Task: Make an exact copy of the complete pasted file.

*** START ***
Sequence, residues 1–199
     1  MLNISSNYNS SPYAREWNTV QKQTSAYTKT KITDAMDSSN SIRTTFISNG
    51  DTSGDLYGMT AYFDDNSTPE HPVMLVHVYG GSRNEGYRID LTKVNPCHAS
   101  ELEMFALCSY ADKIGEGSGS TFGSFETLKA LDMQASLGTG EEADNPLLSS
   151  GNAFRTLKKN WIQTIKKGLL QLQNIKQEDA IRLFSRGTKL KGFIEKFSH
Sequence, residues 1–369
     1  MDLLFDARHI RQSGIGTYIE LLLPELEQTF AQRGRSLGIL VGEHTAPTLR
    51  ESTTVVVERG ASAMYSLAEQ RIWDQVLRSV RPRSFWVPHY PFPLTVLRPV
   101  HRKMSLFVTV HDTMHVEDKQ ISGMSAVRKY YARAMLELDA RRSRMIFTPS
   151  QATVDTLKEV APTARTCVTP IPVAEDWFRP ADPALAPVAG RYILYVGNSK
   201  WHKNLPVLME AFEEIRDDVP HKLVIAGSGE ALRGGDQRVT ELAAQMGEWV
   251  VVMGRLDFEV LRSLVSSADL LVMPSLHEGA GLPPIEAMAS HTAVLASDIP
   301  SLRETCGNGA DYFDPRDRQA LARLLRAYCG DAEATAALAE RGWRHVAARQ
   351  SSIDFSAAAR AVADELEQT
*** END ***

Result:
Sequence, residues 1–199
     1  MLNISSNYNS SPYAREWNTV QKQTSAYTKT KITDAMDSSN SIRTTFISNG
    51  DTSGDLYGMT AYFDDNSTPE HPVMLVHVYG GSRNEGYRID LTKVNPCHAS
   101  ELEMFALCSY ADKIGEGSGS TFGSFETLKA LDMQASLGTG EEADNPLLSS
   151  GNAFRTLKKN WIQTIKKGLL QLQNIKQEDA IRLFSRGTKL KGFIEKFSH
Sequence, residues 1–369
     1  MDLLFDARHI RQSGIGTYIE LLLPELEQTF AQRGRSLGIL VGEHTAPTLR
    51  ESTTVVVERG ASAMYSLAEQ RIWDQVLRSV RPRSFWVPHY PFPLTVLRPV
   101  HRKMSLFVTV HDTMHVEDKQ ISGMSAVRKY YARAMLELDA RRSRMIFTPS
   151  QATVDTLKEV APTARTCVTP IPVAEDWFRP ADPALAPVAG RYILYVGNSK
   201  WHKNLPVLME AFEEIRDDVP HKLVIAGSGE ALRGGDQRVT ELAAQMGEWV
   251  VVMGRLDFEV LRSLVSSADL LVMPSLHEGA GLPPIEAMAS HTAVLASDIP
   301  SLRETCGNGA DYFDPRDRQA LARLLRAYCG DAEATAALAE RGWRHVAARQ
   351  SSIDFSAAAR AVADELEQT